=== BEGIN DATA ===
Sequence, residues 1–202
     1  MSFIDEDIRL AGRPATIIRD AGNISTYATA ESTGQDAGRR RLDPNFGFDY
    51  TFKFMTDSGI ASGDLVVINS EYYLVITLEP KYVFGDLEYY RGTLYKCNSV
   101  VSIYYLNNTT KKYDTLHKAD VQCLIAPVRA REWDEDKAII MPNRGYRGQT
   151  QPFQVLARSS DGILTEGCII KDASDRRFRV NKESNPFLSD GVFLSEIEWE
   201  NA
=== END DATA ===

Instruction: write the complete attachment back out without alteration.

Sequence, residues 1–202
     1  MSFIDEDIRL AGRPATIIRD AGNISTYATA ESTGQDAGRR RLDPNFGFDY
    51  TFKFMTDSGI ASGDLVVINS EYYLVITLEP KYVFGDLEYY RGTLYKCNSV
   101  VSIYYLNNTT KKYDTLHKAD VQCLIAPVRA REWDEDKAII MPNRGYRGQT
   151  QPFQVLARSS DGILTEGCII KDASDRRFRV NKESNPFLSD GVFLSEIEWE
   201  NA